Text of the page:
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Profession: School Administrator and Educator Personal Data Address: Dr. Frederick L.

Thompson 32 Cadde Se*men Selay Evleri C Blok 16/31 Karakusunlar/Ankara 06530 Turkey e-mail: ft15a6a6e@westpost.net Tel: +90-312-586-9000, ext. 1409 Cell:+90-533-214-6378 Cell: +90-533-369-8199 Permanent: Fannie Kiley 6955 Hwy C Sun Prairie, WI 53590 Tel: 608-846-4480 e-mail: NaKiley@gmail.com Education 1986-1989 University of Wisconsin-Madison Madison, WI PhD: Educational Administration 1971-1984 University of Wisconsin-Madison Madison, WI M.S. and ED. S. Ed. Admin. 1965-1969 University of Wisconsin-Whitewater Whitewater, WI B.S., Math and Theater Certification: District Administrator (Superintendent), Principal, Math, Speec h/Theater Language Qualifications Fluent English and Spanish; Basic German and Turkish Professional Organizations Association of American Schools in Central America (AASCA) 1995-96 President 1993-94 Vice President and Treasurer 1992-93 Secretary Association of Bilingual Schools in Honduras 1995-96 President 1991-95 Member of Board of Directors Middle East Association Association of National Schools 2002-2004 Vice President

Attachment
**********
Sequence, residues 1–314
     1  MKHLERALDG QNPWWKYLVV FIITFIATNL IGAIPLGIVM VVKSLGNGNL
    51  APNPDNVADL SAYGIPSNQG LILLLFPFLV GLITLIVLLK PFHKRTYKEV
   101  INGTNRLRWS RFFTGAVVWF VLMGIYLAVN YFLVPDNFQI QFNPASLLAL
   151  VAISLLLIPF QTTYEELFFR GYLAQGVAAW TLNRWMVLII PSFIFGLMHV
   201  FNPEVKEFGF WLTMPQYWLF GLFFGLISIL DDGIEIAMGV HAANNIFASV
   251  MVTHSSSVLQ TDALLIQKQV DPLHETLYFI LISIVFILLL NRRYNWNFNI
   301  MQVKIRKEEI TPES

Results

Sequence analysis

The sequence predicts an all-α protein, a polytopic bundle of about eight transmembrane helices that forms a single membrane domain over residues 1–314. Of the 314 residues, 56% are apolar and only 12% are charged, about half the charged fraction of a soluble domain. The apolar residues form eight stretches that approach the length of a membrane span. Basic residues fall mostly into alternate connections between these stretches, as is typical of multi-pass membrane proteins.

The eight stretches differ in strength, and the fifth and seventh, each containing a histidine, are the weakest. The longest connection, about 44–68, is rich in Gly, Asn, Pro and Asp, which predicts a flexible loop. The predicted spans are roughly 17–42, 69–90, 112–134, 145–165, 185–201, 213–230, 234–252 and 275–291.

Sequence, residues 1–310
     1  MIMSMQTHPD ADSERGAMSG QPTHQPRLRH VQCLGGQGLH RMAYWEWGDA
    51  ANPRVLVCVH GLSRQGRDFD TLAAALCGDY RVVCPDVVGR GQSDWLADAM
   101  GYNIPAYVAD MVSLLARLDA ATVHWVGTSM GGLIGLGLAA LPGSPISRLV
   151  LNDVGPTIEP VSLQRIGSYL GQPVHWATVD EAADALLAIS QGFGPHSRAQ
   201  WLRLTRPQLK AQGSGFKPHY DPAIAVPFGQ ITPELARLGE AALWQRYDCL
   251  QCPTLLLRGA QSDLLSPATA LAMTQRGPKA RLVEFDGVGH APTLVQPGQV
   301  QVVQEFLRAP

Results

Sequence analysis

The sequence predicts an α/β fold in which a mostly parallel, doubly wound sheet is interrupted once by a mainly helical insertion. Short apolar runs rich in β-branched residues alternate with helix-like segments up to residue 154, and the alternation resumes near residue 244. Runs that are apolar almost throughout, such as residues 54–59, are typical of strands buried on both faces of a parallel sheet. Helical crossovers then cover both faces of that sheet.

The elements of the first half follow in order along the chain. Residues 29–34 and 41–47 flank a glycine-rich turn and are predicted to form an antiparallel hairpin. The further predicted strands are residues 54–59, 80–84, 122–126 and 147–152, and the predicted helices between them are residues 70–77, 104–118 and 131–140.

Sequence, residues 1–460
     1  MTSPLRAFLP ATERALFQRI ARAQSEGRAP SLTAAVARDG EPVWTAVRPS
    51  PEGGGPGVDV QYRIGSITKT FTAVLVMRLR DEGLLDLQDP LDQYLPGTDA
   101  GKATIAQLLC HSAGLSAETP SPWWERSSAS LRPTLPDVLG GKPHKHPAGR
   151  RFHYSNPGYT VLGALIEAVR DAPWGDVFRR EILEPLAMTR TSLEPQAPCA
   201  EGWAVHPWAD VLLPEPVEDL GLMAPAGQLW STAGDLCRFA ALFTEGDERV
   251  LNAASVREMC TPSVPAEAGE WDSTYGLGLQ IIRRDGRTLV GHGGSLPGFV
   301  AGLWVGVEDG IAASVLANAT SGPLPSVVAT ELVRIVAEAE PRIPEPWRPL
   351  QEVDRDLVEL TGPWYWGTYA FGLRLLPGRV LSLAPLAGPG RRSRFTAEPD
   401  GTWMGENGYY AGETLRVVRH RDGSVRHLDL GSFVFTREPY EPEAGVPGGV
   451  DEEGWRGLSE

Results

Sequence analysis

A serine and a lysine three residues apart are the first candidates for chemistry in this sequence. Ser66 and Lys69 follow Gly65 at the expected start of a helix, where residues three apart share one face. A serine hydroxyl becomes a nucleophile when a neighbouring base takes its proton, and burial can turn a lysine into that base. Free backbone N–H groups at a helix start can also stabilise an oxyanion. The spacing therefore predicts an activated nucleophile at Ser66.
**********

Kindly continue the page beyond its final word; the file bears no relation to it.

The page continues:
Professional Experience 7/2009- Present Faculty Recruiting, Ankara, Turkey (TED) 7/2007- 6/2009 accreditation, Strategic ding. 8/2006-6/2007 Consultant and teacher trainer in Turkey and Eastern Europe Educational Consultant to Limak Corporation, Ankara, Turkey 8/2004-8/2006 Director, Pinewood International School of Thessaloniki, an IBO Wo rld School. Restructuring staffing of IB program, creating middle school, preparing for implementation of MYP. Led School in Middle States Accreditation. 8/2002-2004 Director, American School of Alexandria, Egypt (K-12) American Style curriculum school, taught by 65% U.S. or Canadian teachers, in a college prep program. Created organizational structure such as district policy handbook, faculty and student handbooks; teacher contracts. 8/2000-7/2002: Director, Futures American School, School of 350 students (K-12) with American curriculum taught by American teachers in English except for Arabi c, French and German languages. 1996-2000 General Superintendent (Pre-K-12) American Collegiate Institute Health and Education Foundation and American Board Schools of Turkey Primary and Secondary Schools Izmir, Turkey 1991-1996 Mazapan School (Dole Fresh Fruits) La Ceiba, Honduras Superintendent and Elementary Principal 1998-1991 American Community School Amman, Jordan High School Principal 1987-1989 Cassville Public Schools, Cassville, WI 53186 District Superintendent and Elementary Principal 1984-1986 Lincoln School Kathmandu, Nepal Director/Elem. Prin. 1981-1984 Mazapan School (Dole Fresh Fruit) La Ceiba, Honduras Director/Elem. Prin. Prior to this I taught math in Wisconsin and the American School of Madrid. I wa s also assistant high school principal in Sun Prairie, WI, high school principal in Elkhart Lake, WI, and Am. Sch. of Lima, Peru Career Milestones Director, International School of Riga, Latvia, Planning, Expansion, Facilities buil Director of International Programs and Foreign Turkish Foundation School of 7,000.